Bethesda divorce lawyer Heather Hostetter sees the worst of people.
“I wouldn’t use the term ‘scoundrel.’ They’re all people who have behaved unacceptably for a successful marriage, but still human. They need my understanding and a good plan—not my judgment. Nevertheless, there are still times when I think, ‘Wow! You cheated with a prostitute and used a home-equity line to buy the prostitute a house? How did you think it would work out?’ But even then there’s a story.
This story is part of Washingtonian‘s feature “What It’s Like to Be a Woman in Washington.” For more:
Look around our town today and your eyes will land on example after example of some ladyboss getting it done. Forget Congress (where, ahem, a record number of female lawmakers were seated this year). Forget the pack of women gunning for the White House (who number five—five!). Women run our think tanks and our museums, […]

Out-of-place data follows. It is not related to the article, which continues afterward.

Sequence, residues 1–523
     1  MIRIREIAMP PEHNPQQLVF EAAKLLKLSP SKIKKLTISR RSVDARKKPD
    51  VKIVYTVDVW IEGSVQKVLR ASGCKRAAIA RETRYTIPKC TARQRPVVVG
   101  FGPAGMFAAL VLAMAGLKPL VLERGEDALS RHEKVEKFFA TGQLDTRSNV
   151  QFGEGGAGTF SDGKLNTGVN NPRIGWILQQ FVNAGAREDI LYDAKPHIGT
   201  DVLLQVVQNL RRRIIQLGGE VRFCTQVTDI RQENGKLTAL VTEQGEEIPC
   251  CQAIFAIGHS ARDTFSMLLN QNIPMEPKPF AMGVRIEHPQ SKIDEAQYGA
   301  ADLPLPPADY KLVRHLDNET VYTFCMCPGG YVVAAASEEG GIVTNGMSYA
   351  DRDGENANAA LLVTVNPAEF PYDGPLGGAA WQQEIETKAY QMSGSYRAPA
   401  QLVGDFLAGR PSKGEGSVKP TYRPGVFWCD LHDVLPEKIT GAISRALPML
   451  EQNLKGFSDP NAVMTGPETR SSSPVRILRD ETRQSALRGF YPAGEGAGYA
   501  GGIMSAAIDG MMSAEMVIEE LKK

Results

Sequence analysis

“I see a lot of professional women who got married in their late twenties to someone adorable with tons of promise. They had kids and she rose higher and higher, but he isn’t going anywhere. It’s not obvious at first—they’re always ‘consultants.’ There’s a business card but no real money. She’s the breadwinner and the family manager. She communicated with the nanny and scheduled activities all while on an elevator for an important meeting, and she knows where all the undies are. Twenty years later, instead of two kids she feels like she has three because she’s taking care of her husband, too. He’s not so cute anymore, and she’s exhausted. I have to tell her, ‘You’re giving him half your retirement and assets, and you’re going to pay him alimony, too.’ People think, ‘Why shouldn’t women pay? Men have.’ I agree. The difference is men received services—the family manager. These women, however, are like, ‘I didn’t get a wife!’
“But the court does not give you a redo on your choices. Thirteen years ago, you should have said, ‘Get a job.’ The cheating husband with a job is going to pay the piper—with the failure-to-launch husband, the wife is. That’s why I always recommend that people leave while there’s still an ounce of kindness for the other person. Do you really want to pay me $550 an hour to tell you not to write, ‘Dear Skank,’ to the mother of your children?”
This article appears in the October 2019 issue of Washingtonian.